Doctor Who Season 1 Finale Review

Doctor Who Season 1 Episode 9: “Empire of Death” Review

**This review contains full spoilers for Doctor Who Season 1, Episode 9, “Empire of Death.”**

“Empire of Death” continues the thrilling narrative set up in “The Legend of Ruby Sunday” and pays homage to the classic Doctor Who serial “The Pyramids of Mars.” This episode delivers intense sci-fi action, an apocalyptic finale, and resolves lingering questions from the previous episode and the season as a whole. The cataclysmic atmosphere established in “The Legend of Ruby Sunday” persists throughout, building to a climactic resolution. The episode features its own version of the “Snap” moment akin to Infinity War, where Sutekh decimates all life in the universe with chilling consequences.

Gabriel Woolf’s reprisal of Sutekh’s voice is exceptional, exuding menace and terror in “Empire of Death.” Despite my reservations about Sutekh’s CGI appearance, Woolf’s performance as the relentless pursuer alongside The Doctor, Mel, and Ruby across time and space is truly captivating. The episode flirts with the idea of a major character’s permanent demise, adding gravitas to the narrative, considering the show’s family-friendly tone. The stakes are sky-high, and the emotional impact of “Empire of Death” resonates in every scene.

Ncuti Gatwa shines in his inaugural finale as The Doctor, balancing humanity and alien essence throughout “Empire of Death.” While displaying moments of emotional vulnerability characteristic of the 15th Doctor, he also embodies the timeless Time Lord demeanor, shielding his emotions for the greater good.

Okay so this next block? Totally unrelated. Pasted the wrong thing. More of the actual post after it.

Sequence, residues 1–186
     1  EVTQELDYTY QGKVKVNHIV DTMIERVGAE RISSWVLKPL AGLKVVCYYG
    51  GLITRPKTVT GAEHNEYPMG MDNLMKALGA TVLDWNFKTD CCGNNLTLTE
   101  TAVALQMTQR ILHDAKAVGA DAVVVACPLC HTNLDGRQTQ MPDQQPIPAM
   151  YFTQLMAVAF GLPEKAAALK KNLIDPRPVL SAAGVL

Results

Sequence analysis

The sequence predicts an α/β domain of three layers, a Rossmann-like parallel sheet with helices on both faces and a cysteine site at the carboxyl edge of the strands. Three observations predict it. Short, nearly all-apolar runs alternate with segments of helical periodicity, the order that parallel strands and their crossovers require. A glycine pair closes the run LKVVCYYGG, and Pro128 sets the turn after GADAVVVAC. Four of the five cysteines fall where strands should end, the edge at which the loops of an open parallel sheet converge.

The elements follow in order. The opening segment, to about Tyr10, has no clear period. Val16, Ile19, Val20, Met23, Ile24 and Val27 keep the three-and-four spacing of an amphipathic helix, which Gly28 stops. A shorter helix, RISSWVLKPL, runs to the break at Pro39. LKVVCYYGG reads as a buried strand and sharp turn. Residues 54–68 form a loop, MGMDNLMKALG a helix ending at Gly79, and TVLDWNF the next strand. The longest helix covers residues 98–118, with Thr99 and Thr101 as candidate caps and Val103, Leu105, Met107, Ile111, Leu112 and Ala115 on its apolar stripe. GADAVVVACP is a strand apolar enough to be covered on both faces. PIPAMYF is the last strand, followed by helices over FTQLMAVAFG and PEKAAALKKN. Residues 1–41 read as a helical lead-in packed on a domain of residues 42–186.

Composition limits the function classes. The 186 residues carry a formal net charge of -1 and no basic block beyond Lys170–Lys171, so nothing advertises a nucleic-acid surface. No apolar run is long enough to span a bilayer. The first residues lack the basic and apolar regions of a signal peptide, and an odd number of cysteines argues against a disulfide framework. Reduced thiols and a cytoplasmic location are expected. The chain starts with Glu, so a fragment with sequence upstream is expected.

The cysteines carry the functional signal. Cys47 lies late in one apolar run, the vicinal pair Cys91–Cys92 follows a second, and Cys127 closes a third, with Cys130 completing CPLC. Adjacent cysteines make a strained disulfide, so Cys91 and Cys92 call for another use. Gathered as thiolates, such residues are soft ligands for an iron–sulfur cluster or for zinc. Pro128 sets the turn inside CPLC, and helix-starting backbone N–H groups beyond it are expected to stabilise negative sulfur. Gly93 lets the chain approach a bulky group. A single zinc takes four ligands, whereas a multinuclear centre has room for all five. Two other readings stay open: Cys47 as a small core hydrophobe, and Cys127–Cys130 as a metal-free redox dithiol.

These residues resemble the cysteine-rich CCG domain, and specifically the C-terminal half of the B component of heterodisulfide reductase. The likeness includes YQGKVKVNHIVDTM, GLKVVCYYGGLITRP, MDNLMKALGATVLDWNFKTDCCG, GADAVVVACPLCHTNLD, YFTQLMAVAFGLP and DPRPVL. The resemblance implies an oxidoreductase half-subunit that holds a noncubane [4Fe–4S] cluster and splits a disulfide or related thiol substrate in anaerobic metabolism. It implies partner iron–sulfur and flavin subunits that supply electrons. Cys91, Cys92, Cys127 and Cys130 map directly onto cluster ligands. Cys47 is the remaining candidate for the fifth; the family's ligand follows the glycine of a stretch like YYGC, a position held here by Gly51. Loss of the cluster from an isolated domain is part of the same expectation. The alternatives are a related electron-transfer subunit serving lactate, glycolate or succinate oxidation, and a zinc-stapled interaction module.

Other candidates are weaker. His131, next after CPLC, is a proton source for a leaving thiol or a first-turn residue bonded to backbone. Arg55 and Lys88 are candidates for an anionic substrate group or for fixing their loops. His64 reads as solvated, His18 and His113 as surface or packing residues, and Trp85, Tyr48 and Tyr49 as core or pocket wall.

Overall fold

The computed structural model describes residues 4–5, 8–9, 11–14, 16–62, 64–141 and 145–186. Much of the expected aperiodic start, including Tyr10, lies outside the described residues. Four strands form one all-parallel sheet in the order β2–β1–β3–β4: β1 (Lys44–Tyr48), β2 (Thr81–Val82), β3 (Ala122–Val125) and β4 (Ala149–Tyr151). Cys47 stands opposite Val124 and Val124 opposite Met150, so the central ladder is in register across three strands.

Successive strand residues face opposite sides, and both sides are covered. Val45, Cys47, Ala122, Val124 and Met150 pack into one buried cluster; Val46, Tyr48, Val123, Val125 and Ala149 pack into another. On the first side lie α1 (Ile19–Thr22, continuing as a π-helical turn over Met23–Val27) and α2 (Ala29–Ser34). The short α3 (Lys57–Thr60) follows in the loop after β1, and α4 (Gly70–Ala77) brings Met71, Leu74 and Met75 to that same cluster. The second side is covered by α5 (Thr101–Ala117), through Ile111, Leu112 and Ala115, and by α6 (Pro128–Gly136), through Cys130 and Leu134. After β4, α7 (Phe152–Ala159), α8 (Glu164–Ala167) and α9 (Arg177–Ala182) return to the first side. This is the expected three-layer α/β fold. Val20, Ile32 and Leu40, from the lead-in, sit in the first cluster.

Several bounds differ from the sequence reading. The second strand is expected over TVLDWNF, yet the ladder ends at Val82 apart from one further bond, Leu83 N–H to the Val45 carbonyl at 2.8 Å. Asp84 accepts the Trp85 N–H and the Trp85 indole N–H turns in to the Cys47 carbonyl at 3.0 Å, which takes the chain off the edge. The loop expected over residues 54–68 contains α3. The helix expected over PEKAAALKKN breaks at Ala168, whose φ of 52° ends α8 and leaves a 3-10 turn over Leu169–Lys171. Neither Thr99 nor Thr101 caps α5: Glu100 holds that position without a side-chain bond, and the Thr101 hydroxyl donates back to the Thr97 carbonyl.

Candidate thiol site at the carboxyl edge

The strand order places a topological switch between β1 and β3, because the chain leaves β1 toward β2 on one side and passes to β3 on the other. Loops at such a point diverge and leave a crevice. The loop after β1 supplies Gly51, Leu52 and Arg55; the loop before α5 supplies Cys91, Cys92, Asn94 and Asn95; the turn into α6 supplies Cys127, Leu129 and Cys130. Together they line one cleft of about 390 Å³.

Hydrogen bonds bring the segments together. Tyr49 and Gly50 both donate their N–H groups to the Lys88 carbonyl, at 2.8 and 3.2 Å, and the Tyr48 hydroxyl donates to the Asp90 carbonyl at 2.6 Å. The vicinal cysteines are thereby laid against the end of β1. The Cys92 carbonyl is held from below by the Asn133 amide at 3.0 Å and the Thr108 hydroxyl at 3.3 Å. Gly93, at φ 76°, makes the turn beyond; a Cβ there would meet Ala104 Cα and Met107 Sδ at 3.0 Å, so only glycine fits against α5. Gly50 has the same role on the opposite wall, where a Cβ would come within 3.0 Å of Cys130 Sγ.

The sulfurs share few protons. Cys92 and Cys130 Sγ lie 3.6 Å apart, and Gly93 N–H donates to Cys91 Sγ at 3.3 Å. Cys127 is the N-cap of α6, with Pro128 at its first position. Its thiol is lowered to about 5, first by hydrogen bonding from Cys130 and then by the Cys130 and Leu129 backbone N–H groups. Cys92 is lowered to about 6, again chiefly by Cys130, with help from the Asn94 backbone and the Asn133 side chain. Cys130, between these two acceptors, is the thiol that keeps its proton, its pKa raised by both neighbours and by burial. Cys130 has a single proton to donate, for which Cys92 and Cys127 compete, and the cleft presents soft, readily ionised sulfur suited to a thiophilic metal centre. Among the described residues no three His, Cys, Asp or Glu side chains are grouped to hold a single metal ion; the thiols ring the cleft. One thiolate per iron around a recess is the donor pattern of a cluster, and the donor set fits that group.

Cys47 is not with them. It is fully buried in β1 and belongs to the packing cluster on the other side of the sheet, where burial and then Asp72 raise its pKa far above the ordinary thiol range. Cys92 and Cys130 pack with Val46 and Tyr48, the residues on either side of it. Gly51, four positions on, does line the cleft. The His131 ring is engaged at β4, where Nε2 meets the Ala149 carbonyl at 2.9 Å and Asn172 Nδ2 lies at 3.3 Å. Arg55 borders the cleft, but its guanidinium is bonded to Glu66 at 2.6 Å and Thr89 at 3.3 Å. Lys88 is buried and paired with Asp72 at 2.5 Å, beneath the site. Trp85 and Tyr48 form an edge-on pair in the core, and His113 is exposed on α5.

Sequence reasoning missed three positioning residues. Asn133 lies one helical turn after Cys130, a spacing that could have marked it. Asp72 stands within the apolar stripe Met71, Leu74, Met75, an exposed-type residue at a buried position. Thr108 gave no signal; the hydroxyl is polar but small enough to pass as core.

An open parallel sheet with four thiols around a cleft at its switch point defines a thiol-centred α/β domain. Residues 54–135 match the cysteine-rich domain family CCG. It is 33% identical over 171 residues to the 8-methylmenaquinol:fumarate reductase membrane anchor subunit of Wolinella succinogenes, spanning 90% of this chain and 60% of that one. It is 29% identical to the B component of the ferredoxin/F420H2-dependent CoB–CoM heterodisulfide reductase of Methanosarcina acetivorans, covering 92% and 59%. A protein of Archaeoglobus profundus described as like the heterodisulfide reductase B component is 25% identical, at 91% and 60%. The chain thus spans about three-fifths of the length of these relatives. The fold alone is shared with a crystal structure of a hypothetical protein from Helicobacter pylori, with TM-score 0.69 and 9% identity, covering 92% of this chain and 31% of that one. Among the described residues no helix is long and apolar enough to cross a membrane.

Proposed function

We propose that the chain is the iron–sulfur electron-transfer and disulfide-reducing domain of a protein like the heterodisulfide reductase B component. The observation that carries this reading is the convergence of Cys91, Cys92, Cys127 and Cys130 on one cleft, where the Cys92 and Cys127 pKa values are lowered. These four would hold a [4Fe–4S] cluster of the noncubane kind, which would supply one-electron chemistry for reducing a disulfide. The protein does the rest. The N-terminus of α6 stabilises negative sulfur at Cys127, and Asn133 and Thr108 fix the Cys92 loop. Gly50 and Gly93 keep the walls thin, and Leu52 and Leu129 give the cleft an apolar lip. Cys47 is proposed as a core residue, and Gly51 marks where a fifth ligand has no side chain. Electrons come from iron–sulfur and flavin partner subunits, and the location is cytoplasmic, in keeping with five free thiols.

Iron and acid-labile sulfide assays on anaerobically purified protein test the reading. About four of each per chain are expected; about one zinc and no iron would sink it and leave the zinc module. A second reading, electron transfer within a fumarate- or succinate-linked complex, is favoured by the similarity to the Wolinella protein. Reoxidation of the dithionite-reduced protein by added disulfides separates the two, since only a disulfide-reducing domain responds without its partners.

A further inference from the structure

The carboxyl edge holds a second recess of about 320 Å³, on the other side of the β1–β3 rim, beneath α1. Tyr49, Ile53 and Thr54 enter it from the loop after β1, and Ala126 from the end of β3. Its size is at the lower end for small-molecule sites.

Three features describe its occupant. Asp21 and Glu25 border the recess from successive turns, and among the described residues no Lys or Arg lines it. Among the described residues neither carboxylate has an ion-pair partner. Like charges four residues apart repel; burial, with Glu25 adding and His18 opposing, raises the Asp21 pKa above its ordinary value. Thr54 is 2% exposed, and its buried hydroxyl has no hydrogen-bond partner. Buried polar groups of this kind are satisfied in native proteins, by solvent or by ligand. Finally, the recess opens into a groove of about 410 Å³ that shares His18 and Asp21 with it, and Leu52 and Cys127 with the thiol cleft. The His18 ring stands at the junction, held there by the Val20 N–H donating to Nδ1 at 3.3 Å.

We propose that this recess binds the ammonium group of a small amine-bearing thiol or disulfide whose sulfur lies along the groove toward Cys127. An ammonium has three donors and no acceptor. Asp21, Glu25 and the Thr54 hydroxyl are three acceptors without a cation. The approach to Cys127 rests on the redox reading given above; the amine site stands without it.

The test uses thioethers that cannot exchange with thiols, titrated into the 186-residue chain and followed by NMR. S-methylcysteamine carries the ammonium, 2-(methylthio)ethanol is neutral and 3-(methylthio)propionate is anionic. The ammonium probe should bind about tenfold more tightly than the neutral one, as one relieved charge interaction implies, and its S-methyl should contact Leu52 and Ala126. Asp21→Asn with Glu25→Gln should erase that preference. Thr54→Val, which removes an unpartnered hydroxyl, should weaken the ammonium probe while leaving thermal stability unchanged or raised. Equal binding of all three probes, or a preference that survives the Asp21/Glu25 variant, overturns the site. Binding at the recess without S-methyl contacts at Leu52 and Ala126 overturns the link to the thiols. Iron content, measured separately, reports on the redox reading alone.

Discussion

The poignant moment where The Doctor parts ways with Ruby, allowing her to lead her own life outside the TARDIS, mirrors classic Doctor Who themes of detachment and wisdom. Gatwa’s portrayal captures the complexity of The Doctor’s emotional journey, from detachment to fleeting vulnerability, showcasing the depth of his character.

**The episode is a treasure trove of both new and old Doctor Who references**. Notable mentions include the Remembered TARDIS fueled by memory and the Time Window, enriching the narrative with nods to the show’s lore. While these references add depth, the overt callbacks to “Pyramids of Mars” feel slightly forced, catering primarily to fans familiar with the classic serial.

In the end, “Empire of Death” is an emotional send-off for Ruby.

“Empire of Death” benefits from an extended runtime, allowing for a satisfying conclusion to Sutekh’s arc. While the universe’s reset may seem cliché, the episode handles it well, culminating in a fitting resolution. The introduction of Ruby’s mother adds a human touch to the narrative, grounding the character in relatable origins rather than fantastical revelations. The finale leaves some questions unanswered, hinting at future collaborations with Varada Sethu in Season 2, ensuring Ruby’s enigmatic journey continues to unfold.